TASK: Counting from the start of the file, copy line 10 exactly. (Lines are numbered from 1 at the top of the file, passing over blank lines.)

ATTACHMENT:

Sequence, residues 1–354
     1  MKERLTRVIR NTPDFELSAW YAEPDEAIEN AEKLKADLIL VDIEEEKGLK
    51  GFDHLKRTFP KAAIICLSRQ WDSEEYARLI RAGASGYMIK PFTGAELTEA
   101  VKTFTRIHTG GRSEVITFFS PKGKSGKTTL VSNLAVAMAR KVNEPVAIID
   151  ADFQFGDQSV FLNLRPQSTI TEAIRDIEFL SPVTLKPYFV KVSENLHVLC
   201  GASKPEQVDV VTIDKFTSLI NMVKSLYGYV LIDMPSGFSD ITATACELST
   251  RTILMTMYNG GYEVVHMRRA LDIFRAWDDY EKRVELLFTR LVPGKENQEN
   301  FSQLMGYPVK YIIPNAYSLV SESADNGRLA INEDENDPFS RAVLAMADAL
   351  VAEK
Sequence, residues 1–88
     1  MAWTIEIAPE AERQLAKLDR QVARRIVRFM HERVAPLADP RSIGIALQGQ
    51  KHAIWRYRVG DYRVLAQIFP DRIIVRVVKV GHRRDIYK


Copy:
Sequence, residues 1–88